Mr Campkin, the gardener, writes about the damage in a letter of March 27 1945 to the secretary and says: “From July 30th 1944 no work done, except to tidy up fence, and remove debris from sidewalk, etc. The cemetery was visited occasionally and tided as far as possible in the time available, but no report was thought necessary.  Demolition men have removed a lot of the debris as far as was practicable, but damage to still more stones has been done by trespassers. Several box tombs are in a very dangerous condition.  Especially as the cemetery is used to cut off the corner of two streets by pedestrians.

“A new fence is urgently required, including new supports and angle irons.  Part of the wooden fence is torn down.”

Three years later, a letter dated April 29 1948 from the United Synagogue’s property department says:

“1. There are signs to show that at some places attempts have been made to wrench open the corrugated fencing erected just over a year ago, but this is still sound.

“2. There is a breach in the boundary wall adjoining the back gardens of the rebuilt homes.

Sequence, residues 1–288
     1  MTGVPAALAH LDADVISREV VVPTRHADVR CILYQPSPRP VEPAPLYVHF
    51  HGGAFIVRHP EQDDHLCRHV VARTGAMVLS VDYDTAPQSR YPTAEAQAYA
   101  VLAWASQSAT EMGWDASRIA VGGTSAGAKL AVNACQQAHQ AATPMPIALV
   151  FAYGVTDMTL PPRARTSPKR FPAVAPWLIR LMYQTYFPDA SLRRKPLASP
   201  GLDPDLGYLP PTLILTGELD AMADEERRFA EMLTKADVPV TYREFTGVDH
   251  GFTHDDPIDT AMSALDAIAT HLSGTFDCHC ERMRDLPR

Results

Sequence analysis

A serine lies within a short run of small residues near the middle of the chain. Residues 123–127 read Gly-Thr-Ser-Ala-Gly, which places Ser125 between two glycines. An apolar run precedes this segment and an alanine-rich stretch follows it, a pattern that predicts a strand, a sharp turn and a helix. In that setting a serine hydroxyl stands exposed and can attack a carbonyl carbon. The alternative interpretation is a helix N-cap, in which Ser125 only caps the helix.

“3. The boundary wall to the former site of the public house has an opening broken through of approximately 3’ wide and 5’ high.”

It goes on to say:

“5. Only 22 headstones are now standing upright.  None of the tombs or composite memorials which were existing in 1947, although damaged, have now been left upright.”

And then comes the most interesting point:

“6. Generally, the place appears to have been a meeting place or playground for hooligans.  Many memorials appear to have been deliberately destroyed and the pieces scattered about all over the Cemetery, or used for building some sort of ‘strongpoint’.”

The letters ends by saying that barbed wire would be put in place in the meantime and the money claimed back from the War Damage Commission.